As Nick seems to be talking about a small parish church setting with today's requirements (which are mainly congregational accompaniment with occasional, not-too-demanding choral work (we're not going to be dealing with a top-flight choir in 99% of cases here...), and a reasonable selection for a wide-ranging repertoire), my suggestion is:

 

Great Organ

Open Diapson 8

Stopped Diapason 8

Principal 4

Fifteenth 2

 

Swell Organ

Violin Diapason 8 (maybe stopped bottom octave)

Gemshorn 4

Oboe Gambe 8 (maybe from T.C. if space is an issue)

 

Pedal Organ

Bourdon 16

 

Swell to Great

Swell to Pedal

Great to Pedal

 

I think I could do everything on this organ - from playing a hymn with a full congregation to accompanying the annual Choral Evensong with Psalms and Stanford in Bb, to a Bach Chorale Prelude.

 

Those strongly voiced string stops that sound more like reeds are a good idea in small organs so I've included one here. They can be very effective and they're cheaper to make and don't need so much tuning and attention - so useful in a small organ that might only get attention once a year (if that). Without any reeds, tuning access doesn't have to be such a consideration in the organ, so it can be more compact.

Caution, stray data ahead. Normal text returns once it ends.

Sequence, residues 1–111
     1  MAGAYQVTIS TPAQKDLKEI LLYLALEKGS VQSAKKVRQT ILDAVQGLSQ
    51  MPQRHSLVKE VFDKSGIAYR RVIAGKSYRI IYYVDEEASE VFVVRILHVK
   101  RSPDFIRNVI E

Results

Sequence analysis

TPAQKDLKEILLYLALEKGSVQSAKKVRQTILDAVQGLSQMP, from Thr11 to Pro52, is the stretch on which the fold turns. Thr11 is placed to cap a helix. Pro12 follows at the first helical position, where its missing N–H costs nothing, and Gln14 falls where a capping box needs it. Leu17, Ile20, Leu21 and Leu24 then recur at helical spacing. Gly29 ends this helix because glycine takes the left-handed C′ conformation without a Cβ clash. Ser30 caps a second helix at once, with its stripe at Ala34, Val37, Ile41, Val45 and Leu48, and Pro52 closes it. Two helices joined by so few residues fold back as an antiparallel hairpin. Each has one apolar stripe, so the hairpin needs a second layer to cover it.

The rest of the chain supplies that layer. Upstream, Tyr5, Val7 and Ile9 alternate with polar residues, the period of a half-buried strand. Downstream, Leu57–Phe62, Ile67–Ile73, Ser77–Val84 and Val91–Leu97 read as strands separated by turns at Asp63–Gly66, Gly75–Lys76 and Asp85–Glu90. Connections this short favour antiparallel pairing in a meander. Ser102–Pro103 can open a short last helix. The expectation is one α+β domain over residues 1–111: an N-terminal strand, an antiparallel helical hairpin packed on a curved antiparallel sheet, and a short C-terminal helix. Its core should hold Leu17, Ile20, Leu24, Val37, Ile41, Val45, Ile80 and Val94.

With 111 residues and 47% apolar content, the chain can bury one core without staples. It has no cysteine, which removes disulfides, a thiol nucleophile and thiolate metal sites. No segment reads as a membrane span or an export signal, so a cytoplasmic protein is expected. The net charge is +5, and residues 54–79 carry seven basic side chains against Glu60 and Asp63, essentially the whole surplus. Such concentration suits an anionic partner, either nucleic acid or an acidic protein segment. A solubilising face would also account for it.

Mechanical octave couplers are best avoided at all costs - they rarely work properly for very long (especially if we consider the likely tuning and attention of most small parish church organs) and they are very heavy.

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Guest Stanley Monkhouse

Can I direct folk to NPOR N01300 St Martin Sherwood, Nottingham. I was organist here in the 1970s and 80s. It was most satisfying. John Ireland's chancel organ from St Luke's Chelsea, moved to Nottingham in the 1930s, and a fifteenth and a mixture added during the time of my predecessor. It works!

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I think one day, in 100 years of so, a lad will write a book

about the "20th century Mixture mythology".

 

Some members of my forum asked me to organize a trip

to Angermünde next year, after the J. Wagner organ will

have been cleaned. Any takers ?

But be prepared to experience a schock.

 

Pierre

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Great Organ

Open Diapson 8